6. It has further been found that the assessee-company did not advance the loan as part of its money, lending business but since it was coerced to do so by those controlling the J.K. organization. Similarly, at the time of the recovery, the assessee-company was pressurised into the situation that it should not demand the payment of the entire balance in cash but by transfer of the shares in Muir Mills Co. Ltd. in part satisfaction of the debt. It has been found that the affidavit filed by one Ramji Agrawal, a partner of the assessee-firm, was believable because he was not subjected to cross-examination and further requiring corroboration of the allegations of coercion and pressurisation from the directors of J.K. organization was not facing reality. These allegations could not be corroborated by the directors of the J.K. organization because that would have landed them in trouble. The majority opinion chose to believe the affidavit of Ramji Agrawal and held that the advance was not as part of the money-lending business nor was the settlement with consequent transfer of shares belonging to Muir Mills Co. Ltd., an investment. Consequently, the loss which occurred in the readjustment of the books was a business loss which was allowable under Section 10(1) of the Act on grounds of commercial expediency. It was emphasized by the majority opinion that the assessee-company was pressurised into agreeing to advance the loan as well as to accept the part payment in satisfaction of the loan because its selling agency business from the various mills of the J.K. organization, was likely to be jeopardized. The advance was consequently held to be a business transaction and the loss resulting from it was not a capital loss because it was not a case of investment by the assessee in the shares of the Muir Mills Co. Ltd.

7. The Tribunal ultimately allowed the claim of the assessee.

8. At the instance of the department, the Tribunal has referred the following question of law for our opinion;

' Whether, on the facts and in the circumstances of the case, the assessee-firm's claim of Rs. 2,04,450 has been rightly allowed as a trading or business loss on grounds of commercial expediency under Section 10(1) or under Section 10(2)(xv) of the Indian Income-tax Act, 1922 '

9. The various findings referred to above are basically findings on questions of fact. Learned counsel appearing for the revenue urged that there was no material in support of those findings. The affidavit filed by Ramji Agrawal which has been believed constituted good evidence to sustain these various findings. It was faintly argued that there was nothing in the affidavit which would sustain the finding that the advance of Rs. 20,00,000 was made under some coercion or pressure. The affidavit has not been annexed to the statement of the case. We are hence not in a position to affirm the contention of the learned counsel for the revenue. The members who constituted the majority have specifically referred to the affidavit and have held that the lack of corroboration to the allegations in the affidavit was not fatal to the case of the assessee.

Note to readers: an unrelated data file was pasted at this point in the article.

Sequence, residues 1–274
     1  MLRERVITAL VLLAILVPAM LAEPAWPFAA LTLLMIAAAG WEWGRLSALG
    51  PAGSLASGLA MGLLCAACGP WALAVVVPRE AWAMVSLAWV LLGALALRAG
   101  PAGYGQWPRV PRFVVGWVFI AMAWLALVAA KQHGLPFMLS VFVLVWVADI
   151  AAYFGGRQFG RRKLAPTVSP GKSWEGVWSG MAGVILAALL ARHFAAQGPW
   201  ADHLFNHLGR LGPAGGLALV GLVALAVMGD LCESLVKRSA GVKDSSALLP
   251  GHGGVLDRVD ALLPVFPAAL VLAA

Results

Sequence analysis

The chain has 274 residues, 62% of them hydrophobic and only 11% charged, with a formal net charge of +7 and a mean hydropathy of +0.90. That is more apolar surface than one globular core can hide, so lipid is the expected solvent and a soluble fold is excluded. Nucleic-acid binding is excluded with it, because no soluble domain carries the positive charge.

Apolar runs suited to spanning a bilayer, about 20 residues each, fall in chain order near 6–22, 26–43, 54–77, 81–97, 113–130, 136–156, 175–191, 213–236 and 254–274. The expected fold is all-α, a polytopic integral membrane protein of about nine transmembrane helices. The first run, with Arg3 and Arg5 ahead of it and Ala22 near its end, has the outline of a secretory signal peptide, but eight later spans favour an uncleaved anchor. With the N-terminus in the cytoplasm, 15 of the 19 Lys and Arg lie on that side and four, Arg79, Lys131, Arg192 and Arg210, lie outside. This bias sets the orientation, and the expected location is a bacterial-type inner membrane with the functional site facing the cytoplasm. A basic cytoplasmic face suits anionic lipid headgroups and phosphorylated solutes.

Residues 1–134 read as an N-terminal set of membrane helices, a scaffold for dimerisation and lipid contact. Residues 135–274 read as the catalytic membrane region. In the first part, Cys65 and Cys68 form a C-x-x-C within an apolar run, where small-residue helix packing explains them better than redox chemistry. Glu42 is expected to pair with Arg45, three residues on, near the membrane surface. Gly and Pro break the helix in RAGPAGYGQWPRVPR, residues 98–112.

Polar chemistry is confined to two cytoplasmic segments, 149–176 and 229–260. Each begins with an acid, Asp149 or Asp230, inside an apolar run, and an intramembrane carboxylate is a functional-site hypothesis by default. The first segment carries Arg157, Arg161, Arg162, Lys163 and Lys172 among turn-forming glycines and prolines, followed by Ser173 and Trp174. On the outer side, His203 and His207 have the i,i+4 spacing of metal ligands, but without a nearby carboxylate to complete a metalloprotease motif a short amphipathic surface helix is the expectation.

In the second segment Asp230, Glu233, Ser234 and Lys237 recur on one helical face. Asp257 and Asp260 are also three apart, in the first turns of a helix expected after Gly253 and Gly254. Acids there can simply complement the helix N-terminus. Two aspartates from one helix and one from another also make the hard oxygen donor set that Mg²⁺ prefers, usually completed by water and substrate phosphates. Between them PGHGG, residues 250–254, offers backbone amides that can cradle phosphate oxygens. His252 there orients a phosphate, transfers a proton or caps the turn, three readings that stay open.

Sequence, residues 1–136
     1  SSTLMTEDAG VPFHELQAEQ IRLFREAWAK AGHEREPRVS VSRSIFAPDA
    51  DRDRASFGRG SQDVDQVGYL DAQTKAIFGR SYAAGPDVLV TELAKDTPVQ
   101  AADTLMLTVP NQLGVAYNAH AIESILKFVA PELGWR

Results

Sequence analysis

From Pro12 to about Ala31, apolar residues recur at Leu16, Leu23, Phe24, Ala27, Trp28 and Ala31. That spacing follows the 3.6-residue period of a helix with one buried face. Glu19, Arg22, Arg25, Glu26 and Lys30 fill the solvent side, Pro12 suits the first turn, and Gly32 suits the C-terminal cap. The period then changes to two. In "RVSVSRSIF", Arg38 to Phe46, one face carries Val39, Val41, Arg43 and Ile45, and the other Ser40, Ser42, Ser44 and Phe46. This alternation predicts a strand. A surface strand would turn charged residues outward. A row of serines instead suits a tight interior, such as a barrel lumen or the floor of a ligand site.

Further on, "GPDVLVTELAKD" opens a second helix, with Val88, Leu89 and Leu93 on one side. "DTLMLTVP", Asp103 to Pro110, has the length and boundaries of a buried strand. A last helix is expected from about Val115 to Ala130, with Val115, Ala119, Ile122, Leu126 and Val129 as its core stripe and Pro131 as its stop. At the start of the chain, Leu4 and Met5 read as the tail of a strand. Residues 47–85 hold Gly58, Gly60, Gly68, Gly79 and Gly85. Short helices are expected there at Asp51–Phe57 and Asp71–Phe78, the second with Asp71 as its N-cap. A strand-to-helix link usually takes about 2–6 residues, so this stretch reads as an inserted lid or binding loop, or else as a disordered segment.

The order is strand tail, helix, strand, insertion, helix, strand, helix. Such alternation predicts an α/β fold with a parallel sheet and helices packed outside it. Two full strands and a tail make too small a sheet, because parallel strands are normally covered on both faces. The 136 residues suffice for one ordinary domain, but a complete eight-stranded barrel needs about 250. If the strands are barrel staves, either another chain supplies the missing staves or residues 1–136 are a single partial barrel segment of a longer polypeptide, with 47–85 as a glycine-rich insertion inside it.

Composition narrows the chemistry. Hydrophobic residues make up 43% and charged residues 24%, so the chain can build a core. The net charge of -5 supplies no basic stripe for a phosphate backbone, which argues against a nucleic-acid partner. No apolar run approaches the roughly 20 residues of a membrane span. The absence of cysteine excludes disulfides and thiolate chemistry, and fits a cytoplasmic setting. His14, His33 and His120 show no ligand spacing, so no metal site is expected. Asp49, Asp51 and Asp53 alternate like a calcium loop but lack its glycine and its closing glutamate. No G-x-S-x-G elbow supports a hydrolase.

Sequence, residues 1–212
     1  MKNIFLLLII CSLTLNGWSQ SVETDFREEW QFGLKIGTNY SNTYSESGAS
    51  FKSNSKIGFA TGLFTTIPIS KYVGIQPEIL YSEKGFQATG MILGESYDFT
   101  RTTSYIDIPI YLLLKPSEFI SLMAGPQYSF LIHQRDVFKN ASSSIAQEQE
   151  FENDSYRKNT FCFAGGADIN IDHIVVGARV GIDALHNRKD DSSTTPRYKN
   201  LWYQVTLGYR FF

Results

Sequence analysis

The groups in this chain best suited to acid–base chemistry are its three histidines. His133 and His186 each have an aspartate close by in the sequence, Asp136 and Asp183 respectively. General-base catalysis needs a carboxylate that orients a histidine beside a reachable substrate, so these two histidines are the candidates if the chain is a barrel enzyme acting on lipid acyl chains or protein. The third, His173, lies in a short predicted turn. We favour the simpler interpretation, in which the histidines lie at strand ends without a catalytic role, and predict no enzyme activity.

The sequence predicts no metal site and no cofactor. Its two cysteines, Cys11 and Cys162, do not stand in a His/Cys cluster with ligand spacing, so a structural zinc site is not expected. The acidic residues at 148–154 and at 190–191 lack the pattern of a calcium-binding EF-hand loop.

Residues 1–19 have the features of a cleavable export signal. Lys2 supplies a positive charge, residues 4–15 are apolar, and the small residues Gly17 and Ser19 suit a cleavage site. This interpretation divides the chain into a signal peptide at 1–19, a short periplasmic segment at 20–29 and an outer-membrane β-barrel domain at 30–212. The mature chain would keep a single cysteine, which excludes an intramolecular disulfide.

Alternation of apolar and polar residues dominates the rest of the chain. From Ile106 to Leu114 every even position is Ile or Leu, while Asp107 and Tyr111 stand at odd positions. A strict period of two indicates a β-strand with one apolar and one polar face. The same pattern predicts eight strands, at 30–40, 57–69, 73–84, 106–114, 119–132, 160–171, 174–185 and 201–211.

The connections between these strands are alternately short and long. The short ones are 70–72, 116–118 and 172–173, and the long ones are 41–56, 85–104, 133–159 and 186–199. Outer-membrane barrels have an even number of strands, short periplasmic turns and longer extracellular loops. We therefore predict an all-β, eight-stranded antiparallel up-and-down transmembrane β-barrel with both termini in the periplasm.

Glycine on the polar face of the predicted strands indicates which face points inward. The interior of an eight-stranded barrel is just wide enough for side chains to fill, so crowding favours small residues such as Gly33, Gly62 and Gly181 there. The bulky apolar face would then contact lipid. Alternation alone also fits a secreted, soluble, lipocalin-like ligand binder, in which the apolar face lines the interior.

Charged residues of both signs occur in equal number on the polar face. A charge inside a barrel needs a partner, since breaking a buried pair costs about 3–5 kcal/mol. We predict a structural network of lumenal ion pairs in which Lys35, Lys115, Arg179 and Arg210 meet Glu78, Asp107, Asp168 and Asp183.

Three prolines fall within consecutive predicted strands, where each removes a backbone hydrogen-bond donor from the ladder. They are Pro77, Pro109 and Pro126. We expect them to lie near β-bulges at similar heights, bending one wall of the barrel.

10. On the facts found, there can be no manner of doubt that the assessee entered into a business transaction in order to keep its relations with the J. K. organization which was giving to the assessee the main source of itsincome. It is also evident that the assessee-company accepted the shares of Muir Mills Co. Ltd., not with a view to make an investment in them but because of commercial expediency in that it found that there was no other way to recover its debt though only part of it could validly be recovered. No doubt, the assessee-company must be deemed to have known that the market value of the shares purchased by it was much less but, as found by the Tribunal, it acted as a true trader and tried to save as much of its money as well as business as was possible. The finding that the assessee acted on grounds of commercial expediency hence concludes the matter that it was a loss which was allowable under Section 10(1) or Section 10(2)(xv) of the Act.

11. Learned counsel for the revenue relied upon Seth Banarsi Das Gupta v. ITO : [1977]108ITR377(All) . In that case, the Tribunal had found that the shares had been acquired as an investment by the assessee-company. On this finding, it was held that the loss arising from the sale of shares was a loss of capital nature and, as such, was not an allowable deduction. The case is distinguishable on facts. Here the finding is that the assessee-company did not purchase these shares as a measure of investment. Learned counsel also relied upom Ramnarain Sons (P.) Ltd. v. CIT : [1961]41ITR534(SC) . In that case, the finding was that in order to acquire a managing agency which was a capital asset, the assessee purchased the shares far in excess of the market price. The loss incurred by the sale of those shares was hence a loss of capital nature.

12. Learned counsel for the assessee has invited our attention to CIT v. Birla Cotton Spinning and Weaving Mills Co. Ltd. : [1971]82ITR166(SC) . In this case, it was held that the essential test which has to be applied to determine the deductibility of the expense is whether the expenses were incurred for the preservation or protection of the business from any such process or proceedings which might have resulted in the reduction of its income and profits and that such sums were actually and honestly incurred. These tests are fulfilled in the present case. The transaction is honest and was entered into with a view to keep the business going.

13. In the result, we answer the question referred to us in the affirmative, in favour of the assessee and against the department. The assessee will be entitled to costs which are assessed at Rs. 200.